Or the arrangement of the world(s) by the senses.
Let’s say I make a sequence of tangled squiggles…
I sound them aloud, slowly singing their shapes…
Through the processes of transcription, transliteration, and apophenia, I arrive at a deliberate mishearing of a segment from a song sung by Jim Morrison:
meatza pocca hero, Esau funk, awe yeh
The world is a poem. Some of us know that. Know it whether we want to or not. The world snuck up on us when we were young, and planted the cosmic poem-seed at the base of our tender brains.
Asemic writing works as a kind of pagan missionary for The Poem.
Asemic writing is a mutagen.
Pareidolia is one of its tools, one of its schools, a side effect, mutual aid, elective affinities, the ace of hearts up its sleeve, one foot on the other side of the grave still kicking at the pricks, reinsinuated and impoxximate.
We see what we want to see. No. That’s not right. Read what Thou Wilt. We see what we need to see. Some realities are more real than others. Asemic writing is useful, as a kind of anti-linguistic self-medication for the perpetually seeking psyche. Pareidolia is a method of ongoing research. It allows us to discover, investigate and explore provisional realities. The worlds of pareidolia are experientially real, and as such are causal agents — in our thinking, and in our actions as they emerge from that thinking.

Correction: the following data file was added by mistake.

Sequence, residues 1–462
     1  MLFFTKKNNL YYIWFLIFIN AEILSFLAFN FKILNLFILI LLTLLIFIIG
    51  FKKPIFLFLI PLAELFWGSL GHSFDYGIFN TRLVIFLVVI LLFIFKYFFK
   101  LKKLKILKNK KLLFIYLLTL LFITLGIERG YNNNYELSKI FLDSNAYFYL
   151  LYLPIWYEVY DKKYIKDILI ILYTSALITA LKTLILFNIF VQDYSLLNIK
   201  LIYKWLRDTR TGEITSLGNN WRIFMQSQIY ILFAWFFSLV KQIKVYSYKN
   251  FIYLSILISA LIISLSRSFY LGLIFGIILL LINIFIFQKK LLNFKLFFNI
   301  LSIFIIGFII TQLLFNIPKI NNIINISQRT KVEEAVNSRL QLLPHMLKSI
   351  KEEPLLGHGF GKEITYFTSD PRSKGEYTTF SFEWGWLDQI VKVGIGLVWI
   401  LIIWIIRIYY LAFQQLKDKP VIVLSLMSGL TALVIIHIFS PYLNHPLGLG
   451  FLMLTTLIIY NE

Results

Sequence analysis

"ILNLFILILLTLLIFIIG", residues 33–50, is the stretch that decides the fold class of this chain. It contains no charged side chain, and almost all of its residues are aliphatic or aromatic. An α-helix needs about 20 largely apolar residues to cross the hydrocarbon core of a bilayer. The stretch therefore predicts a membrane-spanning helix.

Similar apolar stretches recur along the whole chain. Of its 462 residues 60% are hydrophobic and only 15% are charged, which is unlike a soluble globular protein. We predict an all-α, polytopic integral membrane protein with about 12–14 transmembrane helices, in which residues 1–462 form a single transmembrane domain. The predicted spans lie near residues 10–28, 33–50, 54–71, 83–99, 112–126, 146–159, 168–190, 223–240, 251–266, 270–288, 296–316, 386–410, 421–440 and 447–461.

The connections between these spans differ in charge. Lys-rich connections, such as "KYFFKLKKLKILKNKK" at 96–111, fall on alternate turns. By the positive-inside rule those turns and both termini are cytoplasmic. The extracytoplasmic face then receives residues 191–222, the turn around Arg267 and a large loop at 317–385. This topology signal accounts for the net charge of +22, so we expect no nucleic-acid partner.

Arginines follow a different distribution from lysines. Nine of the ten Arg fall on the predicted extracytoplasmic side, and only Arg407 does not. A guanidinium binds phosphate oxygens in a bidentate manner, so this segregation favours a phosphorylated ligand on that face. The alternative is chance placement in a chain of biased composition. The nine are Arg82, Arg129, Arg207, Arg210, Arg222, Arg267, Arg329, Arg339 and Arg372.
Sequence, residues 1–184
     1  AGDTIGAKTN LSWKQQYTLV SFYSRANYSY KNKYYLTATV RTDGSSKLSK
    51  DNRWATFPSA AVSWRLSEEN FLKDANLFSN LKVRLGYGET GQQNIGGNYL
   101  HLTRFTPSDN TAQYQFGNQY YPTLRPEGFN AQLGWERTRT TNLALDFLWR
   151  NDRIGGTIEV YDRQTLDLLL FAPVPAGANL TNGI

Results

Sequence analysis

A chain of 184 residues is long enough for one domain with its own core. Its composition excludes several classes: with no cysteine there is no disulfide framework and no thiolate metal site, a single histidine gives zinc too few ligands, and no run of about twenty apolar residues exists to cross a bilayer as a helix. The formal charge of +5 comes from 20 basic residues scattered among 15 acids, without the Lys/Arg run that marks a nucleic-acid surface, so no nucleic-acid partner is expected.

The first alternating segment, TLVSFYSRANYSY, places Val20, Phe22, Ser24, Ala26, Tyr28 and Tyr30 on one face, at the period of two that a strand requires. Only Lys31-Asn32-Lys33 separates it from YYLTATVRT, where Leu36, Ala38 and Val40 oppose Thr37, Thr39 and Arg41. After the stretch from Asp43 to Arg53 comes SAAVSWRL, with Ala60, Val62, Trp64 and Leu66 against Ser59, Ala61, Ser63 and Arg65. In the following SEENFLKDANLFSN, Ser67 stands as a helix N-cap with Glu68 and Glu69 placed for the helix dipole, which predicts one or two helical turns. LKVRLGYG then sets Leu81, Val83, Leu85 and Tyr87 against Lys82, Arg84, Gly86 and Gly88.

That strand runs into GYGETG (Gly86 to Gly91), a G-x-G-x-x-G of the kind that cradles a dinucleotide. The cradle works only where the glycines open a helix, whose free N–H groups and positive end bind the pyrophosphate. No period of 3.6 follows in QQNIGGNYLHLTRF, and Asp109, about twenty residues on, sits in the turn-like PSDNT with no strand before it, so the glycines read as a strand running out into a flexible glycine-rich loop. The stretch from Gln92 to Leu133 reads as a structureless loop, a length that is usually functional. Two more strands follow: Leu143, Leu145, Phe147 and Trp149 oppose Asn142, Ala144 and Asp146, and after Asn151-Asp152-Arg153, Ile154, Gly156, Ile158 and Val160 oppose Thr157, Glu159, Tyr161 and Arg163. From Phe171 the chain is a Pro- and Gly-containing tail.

As an entanglement with the processes of pareidolia, asemic writing functions for the perennially seeking psyche as a way of practicing reality.